Opiate vs. Opioid - What is the difference between Opiate and Opioid?

These terms seem to be used interchangeably.

asked 12 May '12, 15:06

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Prescription Drugs

Among prescription drugs, opioids (synthetic opiates) are pain killers, and among the most popular prescription drugs.



Opiates have powerful analgesic effects, and are widely synthesized for use in drugs



Heroin is the most popular opiate, and a Schedule I narcotic under the Federal laws of the United States (no medicinal purpose, highly abused).



Fentanyl, sufentanyl, and Carfentanil are showing up as deadly additives in street heroin, so "opioids" has been tagged fentanyl for reference.


Heroin Detox

Prescription pain medications, fentanyl, suboxone, and heroin are all opiates or opioids (natural or synthetic). Heroin detox is specifically designed for detox off heroin. although the chemical basis of heroin addiction is the same as opiate/opioid addiction.

An opiate is a substance derived from the poppy plant (which contains opium). Opiates are sometimes called "natural" since the active ingredient molecules are made by nature, not manufactured by chemical synthesis. Common opiates include morphine and codeine, both made directly from poppy plants.

An opioid is a substance (molecule) that is synthetic or partly synthetic, meaning the active ingredients (molecules) are manufactured via chemical synthesis. Opioids may act just like opiates in the human body, because of the similar molecules.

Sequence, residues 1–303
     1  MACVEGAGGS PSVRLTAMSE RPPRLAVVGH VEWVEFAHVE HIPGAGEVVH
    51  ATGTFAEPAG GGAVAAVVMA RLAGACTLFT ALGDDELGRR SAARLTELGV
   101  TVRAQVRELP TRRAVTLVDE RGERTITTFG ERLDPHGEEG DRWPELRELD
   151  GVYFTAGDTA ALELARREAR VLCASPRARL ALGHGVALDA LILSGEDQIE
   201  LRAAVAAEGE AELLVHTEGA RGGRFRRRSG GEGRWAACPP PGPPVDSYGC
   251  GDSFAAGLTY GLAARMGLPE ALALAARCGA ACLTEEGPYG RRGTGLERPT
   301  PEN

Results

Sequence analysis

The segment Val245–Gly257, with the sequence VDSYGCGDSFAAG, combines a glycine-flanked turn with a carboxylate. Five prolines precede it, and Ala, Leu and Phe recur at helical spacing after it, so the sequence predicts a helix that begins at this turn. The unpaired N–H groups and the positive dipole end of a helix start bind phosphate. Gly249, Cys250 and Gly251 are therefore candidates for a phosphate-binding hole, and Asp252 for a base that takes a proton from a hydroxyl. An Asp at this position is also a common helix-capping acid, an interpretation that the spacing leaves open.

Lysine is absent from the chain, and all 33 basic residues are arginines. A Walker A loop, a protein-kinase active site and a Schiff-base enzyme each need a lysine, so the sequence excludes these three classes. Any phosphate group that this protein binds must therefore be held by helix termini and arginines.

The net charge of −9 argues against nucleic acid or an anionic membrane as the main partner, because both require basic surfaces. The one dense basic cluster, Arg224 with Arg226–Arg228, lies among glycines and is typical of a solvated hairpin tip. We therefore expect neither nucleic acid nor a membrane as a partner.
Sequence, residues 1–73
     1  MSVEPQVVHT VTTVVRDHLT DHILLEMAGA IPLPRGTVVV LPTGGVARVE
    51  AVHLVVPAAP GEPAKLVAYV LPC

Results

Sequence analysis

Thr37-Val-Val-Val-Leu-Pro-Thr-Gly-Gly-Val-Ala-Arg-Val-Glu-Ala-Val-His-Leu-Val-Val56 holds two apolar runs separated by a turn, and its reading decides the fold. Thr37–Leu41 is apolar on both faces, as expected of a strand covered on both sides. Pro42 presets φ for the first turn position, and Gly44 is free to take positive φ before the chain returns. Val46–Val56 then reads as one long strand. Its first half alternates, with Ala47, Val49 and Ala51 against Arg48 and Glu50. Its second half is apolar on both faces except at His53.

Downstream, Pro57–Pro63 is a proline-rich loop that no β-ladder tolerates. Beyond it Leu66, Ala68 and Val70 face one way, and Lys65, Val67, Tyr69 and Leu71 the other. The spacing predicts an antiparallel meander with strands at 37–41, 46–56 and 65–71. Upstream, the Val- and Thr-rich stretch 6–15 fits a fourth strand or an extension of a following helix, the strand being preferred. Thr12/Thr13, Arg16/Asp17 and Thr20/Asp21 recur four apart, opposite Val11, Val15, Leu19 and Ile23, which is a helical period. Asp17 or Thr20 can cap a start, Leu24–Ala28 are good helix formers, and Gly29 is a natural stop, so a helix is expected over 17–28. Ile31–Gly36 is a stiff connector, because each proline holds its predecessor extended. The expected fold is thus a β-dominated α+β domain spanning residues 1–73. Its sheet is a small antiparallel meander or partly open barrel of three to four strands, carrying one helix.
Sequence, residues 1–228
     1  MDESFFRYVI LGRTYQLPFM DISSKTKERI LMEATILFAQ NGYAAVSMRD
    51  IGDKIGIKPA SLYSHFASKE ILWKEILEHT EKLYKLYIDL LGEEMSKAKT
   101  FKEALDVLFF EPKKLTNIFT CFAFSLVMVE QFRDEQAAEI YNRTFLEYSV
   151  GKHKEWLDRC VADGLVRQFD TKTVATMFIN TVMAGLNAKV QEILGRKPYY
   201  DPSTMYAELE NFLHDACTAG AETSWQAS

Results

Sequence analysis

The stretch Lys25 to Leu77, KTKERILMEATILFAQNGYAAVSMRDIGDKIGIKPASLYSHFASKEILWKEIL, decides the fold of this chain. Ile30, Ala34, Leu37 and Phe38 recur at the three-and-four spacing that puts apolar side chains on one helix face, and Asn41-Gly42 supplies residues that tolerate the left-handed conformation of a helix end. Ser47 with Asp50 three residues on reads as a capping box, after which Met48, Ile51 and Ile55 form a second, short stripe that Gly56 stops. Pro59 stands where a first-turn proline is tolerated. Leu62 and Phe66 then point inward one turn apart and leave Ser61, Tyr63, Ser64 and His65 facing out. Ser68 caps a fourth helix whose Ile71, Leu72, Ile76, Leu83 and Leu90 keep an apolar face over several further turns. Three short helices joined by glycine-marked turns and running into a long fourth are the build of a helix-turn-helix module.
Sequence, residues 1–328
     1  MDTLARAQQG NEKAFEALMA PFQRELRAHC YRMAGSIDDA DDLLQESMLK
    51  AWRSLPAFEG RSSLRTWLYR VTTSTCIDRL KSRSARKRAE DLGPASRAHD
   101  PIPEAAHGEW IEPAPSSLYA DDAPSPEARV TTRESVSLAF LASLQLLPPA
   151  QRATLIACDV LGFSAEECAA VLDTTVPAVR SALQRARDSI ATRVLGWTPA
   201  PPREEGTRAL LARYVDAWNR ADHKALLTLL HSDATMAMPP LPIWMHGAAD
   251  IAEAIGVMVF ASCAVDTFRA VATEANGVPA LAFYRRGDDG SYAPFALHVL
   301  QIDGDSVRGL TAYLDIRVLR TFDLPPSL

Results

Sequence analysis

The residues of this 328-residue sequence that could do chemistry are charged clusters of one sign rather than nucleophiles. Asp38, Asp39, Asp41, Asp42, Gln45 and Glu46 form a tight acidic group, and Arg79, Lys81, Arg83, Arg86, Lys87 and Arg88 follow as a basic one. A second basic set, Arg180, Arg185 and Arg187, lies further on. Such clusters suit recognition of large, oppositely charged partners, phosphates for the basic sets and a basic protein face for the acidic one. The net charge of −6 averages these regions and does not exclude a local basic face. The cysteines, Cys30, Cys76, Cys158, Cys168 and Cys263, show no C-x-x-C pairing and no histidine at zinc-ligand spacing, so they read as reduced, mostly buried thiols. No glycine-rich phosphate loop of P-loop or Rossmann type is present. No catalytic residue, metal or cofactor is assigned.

opiate - narcotic analgesic derived from a opium poppy (natural)

opioid - narcotic analgesic that is at least part synthetic, not found in nature

The terms are often used interchangeably. On the street, "heroin" may mean synthetic, natural, or semi-synthetic compounds. Manufactured opioids like Oxycontin are sometimes called "synthetic heroin", also adding to the confusion. Genuine "heroin" as originally formulated is technically considered an opioid, since it is chemically manufactured, although molecules from the opium plant are used in the process. Some of heroin's active ingredient molecules are not found in nature.

Currently many references are using opioid to refer to all opium-like substances (including opiates and opioids), and limiting the use of "opiates" to only natural opium poppy derived drugs like morphine.


answered 14 May '12, 15:39

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The latest trend is illegal synthetic chemical compounds made in China and illegally smuggled into Canada, Mexico, or the US to be sold as an additiive to street heroin. By modifying fentanyl or acetyl fentanyl or sudefentanyl, they create drugs like carfentanyl, thousands of times more powerful (as a sedative) than morphine or heroin. It kills the user, by simply sedating them into such a deep state they stop breathing and suffocate while unconscious.


There is a good picture of black tar heroin (Mexican heroin) on the heroin detox page at https://sunrisedetoxftlauderdale.com/heroin-detox/

(04 Nov '17, 18:29) admin ♦♦
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For help with Opiates, Opioids, or Heroin Addiction

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Sunrise Detox is a licensed, award-winning treatment center providing medical detox for the treatment of alcohol and drug addiction in New Jersey, Georgia, and Florida. Sunrise Detox and many of the staff at Sunrise Detox centers in New Jersey and Florida have contributed to the questions & answers on this site, and Sunrise Detox is a strong supporter of our efforts to help people learn the facts about addiction and addiction treatment. Some of us have personal experience with Sunrise Detox, and we recommend them highly.

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Asked: 12 May '12, 15:06

Seen: 248,664 times

Last updated: 04 Nov '17, 18:29